VAL-1221 to Treat Lafora Disease

  • Gentry, Matthew (PI)

Grants and Contracts Details


Of all the intractable epilepsies, Lafora disease (LD) is among the most severe, and is inevitably fatal. There is no cure or therapy for LD and patients do not respond to antiepileptic drugs. Mutations in two genes have been identified that cause LD, EPM2A and EPM2B. Over the last 15 years, I have worked on LD, these genes, and their protein products by defining their cellular function and exploring putative therapeutic options. We and others have demonstrated that mutations in either of these genes cause glycogen to transform into malformed, aggregated inclusions called Lafora bodies (LBs). LBs are the etiological agent of LD, overtaking the cytoplasm of neurons and driving this progressive refractory seizure disorder. Importantly, multiple groups have shown that reduction of glycogen synthesis via genetic methods eliminates LB formation, eliminates seizures, and cures LD mouse models. Thus, an obvious treatment for LD is to decrease LB load in patients. Recent enzyme replacement therapy strategies utilize antibody fragments as a delivery platform that enables cell penetration. Our collaborators at Valerion Therapeutics fused a humanized antibody fragment to á-amylase, an enzyme that naturally degrades glycogen, to generate the VAL-0417 fusion. We designed a novel protocol for purifying large quantities of LBs from LD mouse models and found that VAL-0417 degrades LBs from brain, heart, and muscle tissues in vitro. We also found that VAL-0417 is active after intramuscular, intracerebroventricular, and intrathecal injection. Excitingly, VAL-0417 reduces LB load in vivo in LD mouse models. Thus, VAL-0417 is a promising therapeutic for Lafora disease with the potential of being the first drug to provide a clinical benefit. The goals of this project are: (1) Define the minimum effective dose of VAL-0417. In this Aim, we will define the minimum dose of VAL-0417 to efficiently degrade LBs in LD mouse models. (2) Determine the optimal in vivo dosing strategy. We will define the dose x duration versus response by performing a multi-day treatment experiment. A total of seventy 6-month old laforin KO mice and twelve WT mice will be implanted with Alzet osmotic infusion pumps containing either VAL-0417 or PBS for intracerebroventricular delivery. Animals will be sacrificed on days 4, 8, 15, 22, 29, and 60. This work will define the most efficacious dosing to gain LB clearance. We will also assess neuronal and glial viability via immunohistochemistry to determine if treatment efficacy correlates with disease progression. (3) Establish a noninvasive biomarker to assess treatment outcomes. We have already optimized a VAL-0417-specific enzyme-linked immunosorbent assay (ELISA) to monitor biodistribution. We have also initiated work to establish a noninvasive biomarker to monitor VAL-0417 activity during treatment. To date, we have optimized two assays to utilize as potential treatment monitoring tools, i.e. biomarkers. One methodology focuses on analyzing the oligosaccharides released from LBs by VAL-0417 and we have promising preliminary data for this methodology. The second is a mass spectrometry based method that monitors metabolite changes during treatment. We can accurately assign up to 800 metabolites involved in central carbon metabolism, glycogen metabolism, amino acid biosynthesis, pentose phosphate pathway, and nucleotide biosynthetic pathways. In preliminary experiments, we identified 22 metabolites that are up-regulated after VAL-0417 treatment and 48 metabolites that are down-regulated.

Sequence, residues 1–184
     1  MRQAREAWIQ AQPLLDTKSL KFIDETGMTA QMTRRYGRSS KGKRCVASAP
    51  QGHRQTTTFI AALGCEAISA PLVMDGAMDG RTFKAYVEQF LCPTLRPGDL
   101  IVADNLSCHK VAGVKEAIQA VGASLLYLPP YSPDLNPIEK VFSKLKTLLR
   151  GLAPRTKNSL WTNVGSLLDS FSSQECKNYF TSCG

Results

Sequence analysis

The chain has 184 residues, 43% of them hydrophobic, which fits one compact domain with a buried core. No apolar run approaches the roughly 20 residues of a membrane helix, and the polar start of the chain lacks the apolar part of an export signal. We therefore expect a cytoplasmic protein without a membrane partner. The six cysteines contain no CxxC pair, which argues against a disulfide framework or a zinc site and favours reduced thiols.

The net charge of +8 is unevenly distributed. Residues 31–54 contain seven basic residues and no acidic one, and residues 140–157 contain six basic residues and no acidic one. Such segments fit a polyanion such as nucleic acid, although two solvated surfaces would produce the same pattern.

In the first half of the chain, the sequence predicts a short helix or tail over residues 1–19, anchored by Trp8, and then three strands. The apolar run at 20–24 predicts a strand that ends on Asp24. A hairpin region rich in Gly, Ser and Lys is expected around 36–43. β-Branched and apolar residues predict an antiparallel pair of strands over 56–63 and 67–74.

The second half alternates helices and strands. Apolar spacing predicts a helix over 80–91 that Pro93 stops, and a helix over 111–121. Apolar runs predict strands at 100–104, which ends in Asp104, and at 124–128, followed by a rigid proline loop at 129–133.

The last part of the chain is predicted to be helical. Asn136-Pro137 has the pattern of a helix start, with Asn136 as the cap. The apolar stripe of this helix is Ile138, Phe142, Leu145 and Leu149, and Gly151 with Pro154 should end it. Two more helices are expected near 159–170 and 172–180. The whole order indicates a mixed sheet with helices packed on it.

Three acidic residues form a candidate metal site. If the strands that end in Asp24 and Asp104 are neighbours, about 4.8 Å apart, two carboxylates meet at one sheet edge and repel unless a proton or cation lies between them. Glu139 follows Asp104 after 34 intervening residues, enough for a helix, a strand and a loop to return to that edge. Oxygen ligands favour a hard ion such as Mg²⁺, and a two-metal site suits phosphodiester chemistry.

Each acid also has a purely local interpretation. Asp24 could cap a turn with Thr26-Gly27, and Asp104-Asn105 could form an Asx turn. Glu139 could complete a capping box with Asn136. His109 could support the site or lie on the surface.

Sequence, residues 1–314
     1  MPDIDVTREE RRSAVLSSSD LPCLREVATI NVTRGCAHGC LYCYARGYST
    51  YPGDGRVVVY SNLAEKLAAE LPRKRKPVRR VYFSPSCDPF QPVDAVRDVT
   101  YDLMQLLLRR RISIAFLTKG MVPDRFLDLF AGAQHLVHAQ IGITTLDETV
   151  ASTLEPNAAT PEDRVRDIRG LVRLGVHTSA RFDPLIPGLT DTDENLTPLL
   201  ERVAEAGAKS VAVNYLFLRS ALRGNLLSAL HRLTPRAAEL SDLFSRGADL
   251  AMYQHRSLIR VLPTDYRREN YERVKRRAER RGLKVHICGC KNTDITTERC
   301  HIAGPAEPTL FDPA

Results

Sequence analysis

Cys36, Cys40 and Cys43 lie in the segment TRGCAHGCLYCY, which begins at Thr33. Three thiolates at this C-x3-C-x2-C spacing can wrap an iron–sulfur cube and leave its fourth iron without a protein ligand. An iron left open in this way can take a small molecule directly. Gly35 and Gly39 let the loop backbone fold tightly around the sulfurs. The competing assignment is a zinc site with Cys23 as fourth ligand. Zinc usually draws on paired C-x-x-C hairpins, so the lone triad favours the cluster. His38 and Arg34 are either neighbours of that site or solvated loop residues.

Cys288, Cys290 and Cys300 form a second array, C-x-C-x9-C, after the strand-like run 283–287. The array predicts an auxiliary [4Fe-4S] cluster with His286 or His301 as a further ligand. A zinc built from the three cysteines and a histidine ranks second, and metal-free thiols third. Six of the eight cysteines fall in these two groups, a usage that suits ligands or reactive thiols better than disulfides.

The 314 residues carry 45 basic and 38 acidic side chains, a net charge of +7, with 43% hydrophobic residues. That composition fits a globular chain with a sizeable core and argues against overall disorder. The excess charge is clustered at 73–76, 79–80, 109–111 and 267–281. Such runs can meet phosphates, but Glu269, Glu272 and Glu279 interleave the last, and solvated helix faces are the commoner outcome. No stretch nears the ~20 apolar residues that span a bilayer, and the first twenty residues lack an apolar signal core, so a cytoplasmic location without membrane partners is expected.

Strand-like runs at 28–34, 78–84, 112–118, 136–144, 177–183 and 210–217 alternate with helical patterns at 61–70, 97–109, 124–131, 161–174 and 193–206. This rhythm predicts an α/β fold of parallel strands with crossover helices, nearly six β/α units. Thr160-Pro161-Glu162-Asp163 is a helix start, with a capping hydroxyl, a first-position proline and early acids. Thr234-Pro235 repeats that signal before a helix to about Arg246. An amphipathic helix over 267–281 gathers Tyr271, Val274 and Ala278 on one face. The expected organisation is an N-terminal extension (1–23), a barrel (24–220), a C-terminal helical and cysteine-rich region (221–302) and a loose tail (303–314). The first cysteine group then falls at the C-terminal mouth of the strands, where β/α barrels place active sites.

Effective start/end date6/1/195/31/21


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